Results And Discussion

D. discoideum shows robust electrotaxis

Dictyostelium cells migrated cathodally in an applied EF (Fig. 1)

; control cells with no EF moved randomly. Cells extended cathodally directed pseudopodia within seconds of switching the EF on and began directed migration. Morphological polarization of cells toward the cathode was more evident at later stages of development. However, cells at early developmental stages, although they lacked obvious elongation and intrinsic polarization, still showed equally robust EF-directed migration. Reversal of the EF polarity caused rapid reversal of directed migration (within seconds) (Fig. 1). In control experiments, which exclude the build up of EF-generated chemical gradients by continuous perfusion of developing buffer between either end of the electrotaxis chamber, cells moved cathodally to a similar extent (0.74 ± 0.06, n = 38). Cells in 2 mM caffeine, which blocks adenylate cyclase activation and therefore excludes involvement of cell to cell cAMP signaling, also maintained directional migration (directedness 0.78 ± 0.10, n = 15). In addition, mutant cells that are incapable of producing or sensing a chemical gradient such as the Gβ null (see below); nonetheless, they did detect an EF and showed strong electrotaxis. Therefore, the directional cue presented by the EF is unlikely to be mediated by a standing chemical gradient created in the culture medium.

Electrotaxis of Dictyostelium was voltage dependent. The threshold voltage inducing directional migration was between 3 and 7 V/cm (Fig. 1, A, B, and E). Directedness increased with increasing field strength reaching 0.96, almost perfect directional migration toward the cathode. At ∼15–20 V/cm, 100% of cells moved directly toward the cathode with a directedness close to 1 (Fig. 1, D and E). Trajectory speed was the same for control (no EF) and EF-stimulated cells (up to 20 V/cm) (Fig. 1 F). However, displacement speed, an index showing how efficiently cells moved in a certain direction, increased gradually with the applied voltage, indicating an increased efficiency or persistence in cathodal directedness (Fig. 1 G). The threshold for Dictyostelium electrotaxis was ∼4–10-fold of that in mammalian cells. At 7 V/cm, directedness was ∼0.6, similar to that of mammalian epithelial cells at 1–2 V/cm (Nishimura et al., 1996; Zhao et al., 1996). To achieve optimal electrotaxis, we used a field strength ∼7–10-fold that for mammalian cells. Except for straightening migration trajectories and increasing the percentage (100%) of cells moving toward the cathode, no differences in general cell morphology, behavior, and trajectory speed were observed between low and high EF strengths (Fig. 1 and video 1). Therefore, we consider that the directed electrotaxis shown by Dictyostelium cells to high EFs is similar to that shown by mammalian cells to lower EF strengths.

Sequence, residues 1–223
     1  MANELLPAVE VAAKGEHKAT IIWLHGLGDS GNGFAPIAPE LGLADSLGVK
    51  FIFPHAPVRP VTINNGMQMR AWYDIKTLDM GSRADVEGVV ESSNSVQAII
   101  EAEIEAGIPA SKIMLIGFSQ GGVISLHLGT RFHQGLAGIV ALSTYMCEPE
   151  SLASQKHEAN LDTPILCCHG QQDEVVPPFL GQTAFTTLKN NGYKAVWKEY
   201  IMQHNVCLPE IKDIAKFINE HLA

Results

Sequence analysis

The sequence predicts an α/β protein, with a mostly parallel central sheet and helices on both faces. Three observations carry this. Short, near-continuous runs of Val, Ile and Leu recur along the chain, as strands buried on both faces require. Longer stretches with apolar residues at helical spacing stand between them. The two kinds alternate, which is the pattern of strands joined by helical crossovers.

No clear drop in response was found during several hours of exposure to an EF. Successive directedness values for the same cells were 0.96 ± 0.02 and 0.88 ± 0.04 for 1 and 2 h, respectively (20 V/cm). Trajectory and displacement speeds also were identical (7.6 ± 0.2, 7.6 ± 0.2 μm/min for trajectory speed and 2.5 ± 0.3, 2.5 ± 0.3 μm/min for displacement speed at both 1 and 2 h; n = 11–24).

Electrotaxis has been reported in cells from humans to amoeba, and many experience endogenous EFs in vivo (see Introduction). The importance of studying the effects of DC EFs on cell migration includes (a) using EFs as a tool to understand direction sensing, (b) determining the involvement of endogenous EFs in directing cells, and (c) shaping tissues in vivo and using EFs to spatially control the engineering of cells and tissues. Because chemotaxis in Dictyostelium is well understood, this is an excellent model to study the molecular and genetic basis of electrotaxis and to compare and contrast the signaling strategies underpinning electrotaxis and chemotaxis.

cAR1/cAR3, Gα2, Gβ cells maintained directional migration toward the cathode

Dictyostelium cells that enter the development stage use G protein–coupled receptor signaling to direct chemotactic migration to a source of cAMP. The most important receptor for this is cAR1. To test whether cAMP receptors were involved in electrotaxis, cAR1/cAR3 cells (RI9) were used. These cells, which show no response to cAMP, maintained significant directional migration toward the cathode when stimulated with DC EFs (Fig. 2, A and G)

. The displacement speed and the directedness were comparable to wild-type cells (2.7 ± 0.2 μm/min, 0.8 ± 0.1, respectively; 20 V/cm, n = 36).

The Gα2 subunit together with the Gβγ complex couple with cAR1 and transduce cAMP binding into various responses. Like cAR1/cAR3-null mutants, Gα2 cells (MYC2) also maintained directional migration in EFs (Fig. 2 B). The directedness was comparable to wild-type cells (0.9 ± 0.2, 20 V/cm) (Fig. 2 G), but trajectory speed and displacement speed were lower (2.6 ± 0.2 μm/min, 1.1 ± 0.1 μm/min, respectively; n = 37). In general Gα2 cells migrated less rapidly.